This Bipartisan Resolution Wants Trump To Get Serious About Condemning Hate
A group of bipartisan senators is finally telling President Trump to put up or shut up when it comes to his comments in August that only mildly condemned hate groups. Now, these senators want to see Trump fight hate by allocating money and resources to worthy causes. But conservative groups are fighting for the exact opposite cause, and are lobbying the media to stop using the "hate group" label for certain far-right organizations. Trump's conscience is up for grabs, and it's anyone's guess which side will win.
Trump's remarks following the violence in Charlottesville that stemmed from a far-right, white supremacist rally in August were considered an abysmal condemnation of the hate groups. According to a Washington Post-ABC poll in August, 56 percent of Americans disapproved of Trump's response to Charlottesville, and nearly 6 in 10 voters say Trump has encouraged white supremacists, according to a Quinnipiac poll also taken in August. To make matters worse, former KKK leader David Duke has publicly praised Trump's comments.
In response, a bipartisan group of four senators has requested that the Trump administration make a stronger showing of its purported position against hate groups. Furthermore, it's pushing the White House to "use all available resources to improve data collection on hate crimes and to work in a coordinated way to address the growing prevalence of hate groups."
Two democratic senators, Virginia's Mark R. Warner and Tim Kaine, have joined forces with Republican senators Cory Gardner of Colorado and Johnny Isakson of Georgia, to push the Senate to pass their resolution. The proposed legislation calls on the Department of Homeland Security to investigate all “acts of violence, intimidation and domestic terrorism” by known hate groups. It also advocates for improved reporting of hate crimes to the FBI. The goal is to make sure law enforcement agencies are thoroughly investigating these incidents to determine if any criminal laws have been violated, and to help prevent future violent incidents.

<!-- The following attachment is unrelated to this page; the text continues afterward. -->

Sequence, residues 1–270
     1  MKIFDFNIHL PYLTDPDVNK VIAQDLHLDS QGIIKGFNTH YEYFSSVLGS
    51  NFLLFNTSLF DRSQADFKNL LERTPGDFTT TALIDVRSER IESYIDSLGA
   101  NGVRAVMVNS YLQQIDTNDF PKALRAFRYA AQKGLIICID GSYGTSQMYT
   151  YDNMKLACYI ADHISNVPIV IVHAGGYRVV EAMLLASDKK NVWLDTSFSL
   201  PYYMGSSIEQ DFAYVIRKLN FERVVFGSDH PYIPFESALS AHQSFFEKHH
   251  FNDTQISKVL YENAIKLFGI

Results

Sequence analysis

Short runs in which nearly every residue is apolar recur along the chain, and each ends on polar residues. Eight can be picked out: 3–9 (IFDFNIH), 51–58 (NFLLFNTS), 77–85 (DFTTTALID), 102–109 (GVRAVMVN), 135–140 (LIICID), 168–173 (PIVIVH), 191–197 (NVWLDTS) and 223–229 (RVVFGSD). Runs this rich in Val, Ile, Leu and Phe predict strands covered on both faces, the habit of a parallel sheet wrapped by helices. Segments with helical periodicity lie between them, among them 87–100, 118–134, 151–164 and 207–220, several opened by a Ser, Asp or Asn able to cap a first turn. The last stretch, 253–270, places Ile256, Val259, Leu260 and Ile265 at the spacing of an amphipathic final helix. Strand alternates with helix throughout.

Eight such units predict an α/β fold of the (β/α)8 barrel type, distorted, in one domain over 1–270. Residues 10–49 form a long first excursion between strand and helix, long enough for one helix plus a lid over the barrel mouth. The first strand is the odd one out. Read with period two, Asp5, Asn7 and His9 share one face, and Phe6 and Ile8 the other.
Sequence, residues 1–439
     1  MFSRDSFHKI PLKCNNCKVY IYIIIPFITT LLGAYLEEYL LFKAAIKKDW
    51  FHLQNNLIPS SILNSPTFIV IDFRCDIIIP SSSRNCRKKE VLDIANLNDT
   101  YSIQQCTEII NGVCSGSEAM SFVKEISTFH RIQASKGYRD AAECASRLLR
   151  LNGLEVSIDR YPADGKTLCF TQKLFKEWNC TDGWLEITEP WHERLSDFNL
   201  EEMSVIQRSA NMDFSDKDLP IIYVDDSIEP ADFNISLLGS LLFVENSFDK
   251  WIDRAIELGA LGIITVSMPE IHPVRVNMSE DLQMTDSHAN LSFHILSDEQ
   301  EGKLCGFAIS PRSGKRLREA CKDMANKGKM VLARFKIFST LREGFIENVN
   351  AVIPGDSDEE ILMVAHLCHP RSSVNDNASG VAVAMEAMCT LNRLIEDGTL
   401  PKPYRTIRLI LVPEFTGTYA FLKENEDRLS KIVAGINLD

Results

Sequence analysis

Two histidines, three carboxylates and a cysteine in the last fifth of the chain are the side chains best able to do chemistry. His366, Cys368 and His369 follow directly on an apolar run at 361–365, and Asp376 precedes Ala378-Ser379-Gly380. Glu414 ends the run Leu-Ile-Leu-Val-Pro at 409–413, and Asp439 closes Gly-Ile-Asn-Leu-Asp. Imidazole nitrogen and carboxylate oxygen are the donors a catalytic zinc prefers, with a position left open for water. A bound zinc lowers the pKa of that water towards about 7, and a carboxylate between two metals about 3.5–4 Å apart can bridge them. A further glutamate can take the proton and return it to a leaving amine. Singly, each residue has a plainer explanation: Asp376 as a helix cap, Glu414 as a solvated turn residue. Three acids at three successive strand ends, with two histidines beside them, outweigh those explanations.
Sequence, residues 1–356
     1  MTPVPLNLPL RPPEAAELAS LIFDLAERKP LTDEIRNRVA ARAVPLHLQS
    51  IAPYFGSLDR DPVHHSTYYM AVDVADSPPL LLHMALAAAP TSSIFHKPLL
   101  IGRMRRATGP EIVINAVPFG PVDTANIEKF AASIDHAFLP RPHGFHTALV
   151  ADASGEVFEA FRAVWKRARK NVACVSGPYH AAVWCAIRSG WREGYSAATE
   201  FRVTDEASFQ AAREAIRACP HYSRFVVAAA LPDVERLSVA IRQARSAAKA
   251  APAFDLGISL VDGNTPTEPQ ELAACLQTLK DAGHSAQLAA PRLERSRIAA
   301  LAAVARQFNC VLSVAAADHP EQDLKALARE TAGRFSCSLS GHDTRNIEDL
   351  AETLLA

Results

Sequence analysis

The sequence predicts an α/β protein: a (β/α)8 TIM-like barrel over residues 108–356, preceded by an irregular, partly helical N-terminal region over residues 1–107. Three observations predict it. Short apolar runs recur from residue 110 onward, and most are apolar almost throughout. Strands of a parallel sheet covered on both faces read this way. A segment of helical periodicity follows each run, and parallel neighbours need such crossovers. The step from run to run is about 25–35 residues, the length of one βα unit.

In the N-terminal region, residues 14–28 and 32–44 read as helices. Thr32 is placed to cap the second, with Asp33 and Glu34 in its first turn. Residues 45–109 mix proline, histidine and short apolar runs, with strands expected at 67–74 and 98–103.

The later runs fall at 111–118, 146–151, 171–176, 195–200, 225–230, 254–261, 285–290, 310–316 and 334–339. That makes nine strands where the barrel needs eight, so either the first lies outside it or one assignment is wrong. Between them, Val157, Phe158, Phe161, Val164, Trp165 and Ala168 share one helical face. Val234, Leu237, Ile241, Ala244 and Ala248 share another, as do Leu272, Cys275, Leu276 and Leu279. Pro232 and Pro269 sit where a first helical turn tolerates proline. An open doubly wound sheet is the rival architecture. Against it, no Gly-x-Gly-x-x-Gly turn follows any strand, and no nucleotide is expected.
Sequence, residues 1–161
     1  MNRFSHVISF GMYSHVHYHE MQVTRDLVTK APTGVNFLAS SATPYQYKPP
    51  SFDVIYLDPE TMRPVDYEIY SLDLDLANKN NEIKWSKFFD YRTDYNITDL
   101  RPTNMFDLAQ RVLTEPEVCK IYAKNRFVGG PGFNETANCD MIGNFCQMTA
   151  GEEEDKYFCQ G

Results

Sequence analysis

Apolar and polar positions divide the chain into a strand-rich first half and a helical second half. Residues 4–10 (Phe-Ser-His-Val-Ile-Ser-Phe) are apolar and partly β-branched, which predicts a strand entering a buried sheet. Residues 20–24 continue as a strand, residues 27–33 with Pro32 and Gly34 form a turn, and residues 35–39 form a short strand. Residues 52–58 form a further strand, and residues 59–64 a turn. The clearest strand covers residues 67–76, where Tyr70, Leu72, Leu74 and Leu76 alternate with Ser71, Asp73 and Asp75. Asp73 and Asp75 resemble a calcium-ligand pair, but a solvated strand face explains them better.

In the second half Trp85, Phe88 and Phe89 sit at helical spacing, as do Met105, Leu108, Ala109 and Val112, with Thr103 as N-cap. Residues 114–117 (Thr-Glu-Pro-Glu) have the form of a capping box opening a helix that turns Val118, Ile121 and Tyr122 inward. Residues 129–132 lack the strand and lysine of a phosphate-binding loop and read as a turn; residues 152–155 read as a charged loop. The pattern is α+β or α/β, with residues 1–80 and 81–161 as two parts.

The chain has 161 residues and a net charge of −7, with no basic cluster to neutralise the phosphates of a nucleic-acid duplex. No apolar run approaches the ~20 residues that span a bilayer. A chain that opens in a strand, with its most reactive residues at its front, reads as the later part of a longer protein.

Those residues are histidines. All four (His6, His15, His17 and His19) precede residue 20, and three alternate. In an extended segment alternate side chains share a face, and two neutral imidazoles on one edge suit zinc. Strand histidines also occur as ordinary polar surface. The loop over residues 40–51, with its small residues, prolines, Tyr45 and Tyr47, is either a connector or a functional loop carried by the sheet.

Trump's words have real consequences, something the president seems to have been slow to grasp with his penchant for off-the-cuff, ill-advised tweets and remarks. The number of hate groups in the country has grown for the second year in a row, according to the Southern Poverty Law Center, a trend that corresponds with Trump's full-blown emergence onto the political scene.
“2016 was an unprecedented year for hate,” said the SPLC's Mark Potok. “The country saw a resurgence of white nationalism that imperils the racial progress we’ve made, along with the rise of a president whose policies reflect the values of white nationalists. In Steve Bannon, these extremists think they finally have an ally who has the president's ear.”
Approving funding for improved hate crime tracking and hate group dismantling seems like a no-brainer. But it gets more complicated for Trump, whose base is decidedly far-right, and has a different perspective on the dangers of these hate groups.
A coalition of more than 40 conservative organizations penned an open letter to the media this week, requesting that news outlets stop using the Southern Poverty Law Center's designations for hate groups in their coverage of far-right organizations. They say that the SPLC is partisan, and seeks to disparage these groups by labeling them as hate groups simply because they don't agree with their political views. SPLC disagrees, saying that for an organization to be named to its roster of hate groups, it must "attack an entire class of people for characteristics central to their identity, like race, religion or sexual orientation." The SPLC tasks itself with maintaining the most robust hate crime tracking records and statistics in the country, is often considered an authority on the subject, and is cited frequently.
Trump's conscience is faced with an important decision: to support the bipartisan lawmakers in identifying and condemning hate groups that go against the fabric of our nation or to support the isolated ideology of his base. I wish I could say it's hard to say how this will go, but if Trump's track record is any indication, he's not one to stand up for what is right in the face of political gain.